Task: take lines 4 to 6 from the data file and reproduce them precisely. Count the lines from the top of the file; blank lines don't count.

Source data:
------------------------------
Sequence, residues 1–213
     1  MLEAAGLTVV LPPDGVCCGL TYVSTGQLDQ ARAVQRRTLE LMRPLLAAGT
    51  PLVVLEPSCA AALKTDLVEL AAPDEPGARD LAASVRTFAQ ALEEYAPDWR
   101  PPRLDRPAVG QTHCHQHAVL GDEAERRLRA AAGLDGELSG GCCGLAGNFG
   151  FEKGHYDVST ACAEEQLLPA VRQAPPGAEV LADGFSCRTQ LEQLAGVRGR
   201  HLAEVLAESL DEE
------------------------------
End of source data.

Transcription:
   101  PPRLDRPAVG QTHCHQHAVL GDEAERRLRA AAGLDGELSG GCCGLAGNFG
   151  FEKGHYDVST ACAEEQLLPA VRQAPPGAEV LADGFSCRTQ LEQLAGVRGR
   201  HLAEVLAESL DEE